When it comes to capturing his ideas, Gill typically scribbles into black bound notebooks However, at a construction site in China, he once illustrated a concept for a client by stacking a couple bricks and scratching lines in the mud.

“Ideas need to be seized whenever they erupt. You can’t say, ‘OK, it’s time to design,'” Gill said. “You’ve just got to let it flow.” He says that he works best when he is juggling several projects rather than focusing on only one. “I’d rather have 10 problems in a day than one,” he said. Too much focus on one thing can lead to dead ends: “You may be asking the same question over and over, but the question itself may be wrong.”

Gill is passionate about creating structures that are energy-saving, like for a proposed 40-story hotel and office building in Nashville. Him and his colleagues wanted to maximize the ability of the south facade and roof to catch sunlight on solar panels. The drawings call for a building whose base is a rectangle, but the building will twist as it rises from the ground, turning its south face toward the sunlight and tilting the roof to capture more rays. For a tower in Wuhan, China, Gill’s colleagues used a computer model to run 32,196 iterations of possible shapes to find the best one for energy use, wind control and views. Gill has many ideas. Some of which include connecting a building’s mechanical, electrical and plumbing systems via tubes to office furniture, so that occupants could tweak the cooling, heating or ventilation at their individual workspaces.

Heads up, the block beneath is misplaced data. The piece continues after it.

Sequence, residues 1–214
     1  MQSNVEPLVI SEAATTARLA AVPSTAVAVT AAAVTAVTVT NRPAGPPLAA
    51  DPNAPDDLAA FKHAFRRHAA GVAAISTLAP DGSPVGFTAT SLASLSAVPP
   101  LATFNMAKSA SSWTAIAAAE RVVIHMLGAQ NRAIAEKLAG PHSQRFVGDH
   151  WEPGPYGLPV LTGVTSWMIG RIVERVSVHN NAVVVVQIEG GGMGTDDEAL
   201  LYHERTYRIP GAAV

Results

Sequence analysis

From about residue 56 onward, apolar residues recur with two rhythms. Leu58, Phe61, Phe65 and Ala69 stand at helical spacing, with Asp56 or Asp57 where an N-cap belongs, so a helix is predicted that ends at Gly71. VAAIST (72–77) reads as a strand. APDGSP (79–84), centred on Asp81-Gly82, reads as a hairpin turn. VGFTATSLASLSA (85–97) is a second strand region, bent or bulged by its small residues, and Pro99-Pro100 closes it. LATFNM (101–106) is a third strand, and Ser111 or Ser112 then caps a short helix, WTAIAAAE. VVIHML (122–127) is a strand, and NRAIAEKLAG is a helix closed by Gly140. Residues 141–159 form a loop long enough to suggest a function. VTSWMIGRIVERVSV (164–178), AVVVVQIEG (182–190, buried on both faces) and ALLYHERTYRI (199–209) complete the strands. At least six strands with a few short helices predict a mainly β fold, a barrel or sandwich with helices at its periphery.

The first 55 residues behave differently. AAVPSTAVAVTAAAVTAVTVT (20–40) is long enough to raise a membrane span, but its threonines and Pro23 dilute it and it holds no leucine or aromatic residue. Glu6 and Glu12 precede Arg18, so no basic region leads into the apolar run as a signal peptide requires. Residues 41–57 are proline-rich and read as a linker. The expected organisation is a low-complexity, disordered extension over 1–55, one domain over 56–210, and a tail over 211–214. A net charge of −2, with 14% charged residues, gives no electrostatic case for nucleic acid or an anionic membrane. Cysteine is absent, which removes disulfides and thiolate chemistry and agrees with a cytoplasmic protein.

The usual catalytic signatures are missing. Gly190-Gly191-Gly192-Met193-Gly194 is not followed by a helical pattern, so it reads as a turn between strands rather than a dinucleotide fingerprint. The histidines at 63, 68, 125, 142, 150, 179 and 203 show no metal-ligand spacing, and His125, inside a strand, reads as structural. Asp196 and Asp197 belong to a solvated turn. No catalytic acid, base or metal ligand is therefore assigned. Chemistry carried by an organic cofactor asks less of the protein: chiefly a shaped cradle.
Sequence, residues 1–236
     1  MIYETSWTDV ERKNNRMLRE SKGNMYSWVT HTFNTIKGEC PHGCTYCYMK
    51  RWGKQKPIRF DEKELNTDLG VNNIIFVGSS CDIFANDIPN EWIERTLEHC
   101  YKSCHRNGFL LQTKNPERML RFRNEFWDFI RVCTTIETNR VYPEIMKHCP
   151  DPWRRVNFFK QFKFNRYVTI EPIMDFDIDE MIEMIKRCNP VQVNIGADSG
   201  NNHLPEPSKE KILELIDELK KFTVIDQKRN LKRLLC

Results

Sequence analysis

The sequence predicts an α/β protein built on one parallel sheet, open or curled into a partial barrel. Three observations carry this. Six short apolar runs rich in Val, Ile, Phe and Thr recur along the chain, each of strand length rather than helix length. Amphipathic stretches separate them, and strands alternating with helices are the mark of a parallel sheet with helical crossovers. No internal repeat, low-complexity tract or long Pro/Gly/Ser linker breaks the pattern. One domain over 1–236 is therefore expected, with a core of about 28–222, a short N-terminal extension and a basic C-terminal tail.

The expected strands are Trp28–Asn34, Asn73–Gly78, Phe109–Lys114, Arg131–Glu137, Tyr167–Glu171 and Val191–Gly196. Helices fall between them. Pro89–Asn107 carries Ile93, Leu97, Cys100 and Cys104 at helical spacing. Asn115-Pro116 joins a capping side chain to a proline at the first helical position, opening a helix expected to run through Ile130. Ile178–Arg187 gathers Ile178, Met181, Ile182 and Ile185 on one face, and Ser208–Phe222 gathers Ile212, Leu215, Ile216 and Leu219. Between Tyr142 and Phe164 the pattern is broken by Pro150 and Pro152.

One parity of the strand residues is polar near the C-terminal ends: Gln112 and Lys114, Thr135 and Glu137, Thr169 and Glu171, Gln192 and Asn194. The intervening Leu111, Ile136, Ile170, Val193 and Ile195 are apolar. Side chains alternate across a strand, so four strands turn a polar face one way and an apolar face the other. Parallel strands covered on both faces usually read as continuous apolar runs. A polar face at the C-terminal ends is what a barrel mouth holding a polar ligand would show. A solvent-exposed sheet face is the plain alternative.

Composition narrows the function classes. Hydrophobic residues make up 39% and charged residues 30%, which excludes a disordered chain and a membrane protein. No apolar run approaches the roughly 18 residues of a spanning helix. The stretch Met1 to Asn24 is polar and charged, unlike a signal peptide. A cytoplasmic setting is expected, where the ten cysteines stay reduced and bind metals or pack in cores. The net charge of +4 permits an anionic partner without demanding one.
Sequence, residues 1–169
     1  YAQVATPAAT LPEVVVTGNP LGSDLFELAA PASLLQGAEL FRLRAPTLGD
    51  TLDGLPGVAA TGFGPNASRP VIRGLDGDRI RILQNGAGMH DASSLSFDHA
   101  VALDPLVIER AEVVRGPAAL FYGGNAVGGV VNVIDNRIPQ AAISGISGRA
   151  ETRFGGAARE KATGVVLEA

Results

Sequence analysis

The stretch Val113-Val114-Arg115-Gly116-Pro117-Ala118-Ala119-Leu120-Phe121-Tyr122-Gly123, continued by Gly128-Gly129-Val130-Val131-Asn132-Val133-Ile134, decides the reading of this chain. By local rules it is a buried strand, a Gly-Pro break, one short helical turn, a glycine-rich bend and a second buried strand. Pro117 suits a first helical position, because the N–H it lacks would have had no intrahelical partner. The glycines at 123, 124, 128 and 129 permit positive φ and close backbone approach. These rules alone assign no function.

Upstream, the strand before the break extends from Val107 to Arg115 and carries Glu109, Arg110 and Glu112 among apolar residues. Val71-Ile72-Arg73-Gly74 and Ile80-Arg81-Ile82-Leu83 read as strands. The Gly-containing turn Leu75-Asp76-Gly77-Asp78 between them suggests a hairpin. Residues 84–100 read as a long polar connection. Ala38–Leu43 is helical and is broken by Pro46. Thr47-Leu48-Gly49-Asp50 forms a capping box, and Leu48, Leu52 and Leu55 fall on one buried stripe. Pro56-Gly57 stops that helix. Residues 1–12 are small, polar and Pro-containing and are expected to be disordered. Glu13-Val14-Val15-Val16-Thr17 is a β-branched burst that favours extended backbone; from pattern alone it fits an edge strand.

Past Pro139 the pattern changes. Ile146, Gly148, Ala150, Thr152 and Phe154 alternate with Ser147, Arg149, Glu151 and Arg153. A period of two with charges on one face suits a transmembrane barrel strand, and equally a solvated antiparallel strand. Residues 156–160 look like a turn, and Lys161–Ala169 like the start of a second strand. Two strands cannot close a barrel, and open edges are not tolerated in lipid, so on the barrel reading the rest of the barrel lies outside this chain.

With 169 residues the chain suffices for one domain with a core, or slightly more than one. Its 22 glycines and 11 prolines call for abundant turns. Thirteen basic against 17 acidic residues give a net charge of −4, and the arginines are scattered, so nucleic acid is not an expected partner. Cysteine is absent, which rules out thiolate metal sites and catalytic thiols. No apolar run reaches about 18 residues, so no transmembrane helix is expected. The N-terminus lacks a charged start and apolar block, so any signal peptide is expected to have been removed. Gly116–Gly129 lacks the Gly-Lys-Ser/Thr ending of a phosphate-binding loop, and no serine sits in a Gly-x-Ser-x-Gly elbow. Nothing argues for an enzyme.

Photo: Wall Street Journal

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Fiber Art Dressed up the NeoCon Showroom

With inspiration from our ColorEvolution and SCAD fiber art projects, we worked with architecture and industrial design students from DePaul University and University of Illinois at Chicago to “yarn bomb” our showroom. The beautiful yarn types and colors bring a crafted feel to the space with explosions of color.

Chicago architecture and industrial design students transform the showroom with yarn bombing. (From left) Peter Drezek, Bryan Manis, Julia Ozers, Mie Ikeda and Ewelina Zawadzka

Fiber art in our NeoCon showroom

Fiber art in our NeoCon showroom

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Designer Bruce Mau’s Favorite Chicago Spots

One of our favorite designers, Bruce Mau – who collaborated with us on our L7 collection and is our moderator for this year’s Design is…Award – talked with enRoute (Air Canada’s publication) about his favorite spots in Chicago. Below are a few of his favorites:

Moto Restaurant

 

“Everything about Moto restaurant is designed. The first course was the menu itself – printed on edible paper. Another course was a tiny ball that exploded in your mouth with the sensation of eating cotton candy. One course was soup served in a baseball diamond-shaped bowl; the infield was pepperoni pizza soup and the outfield was Caesar salad. When you closed your eyes it tasted like pepperoni pizza.”

Aqua Tower

 

 

“This is the tallest skyscraper in the world designed by a woman architect, Jeanne Gang, who’s a local superstar. She took a modern tower and built balconies around it like waves, so you have this hard, crystal of a building with a fluid exterior.”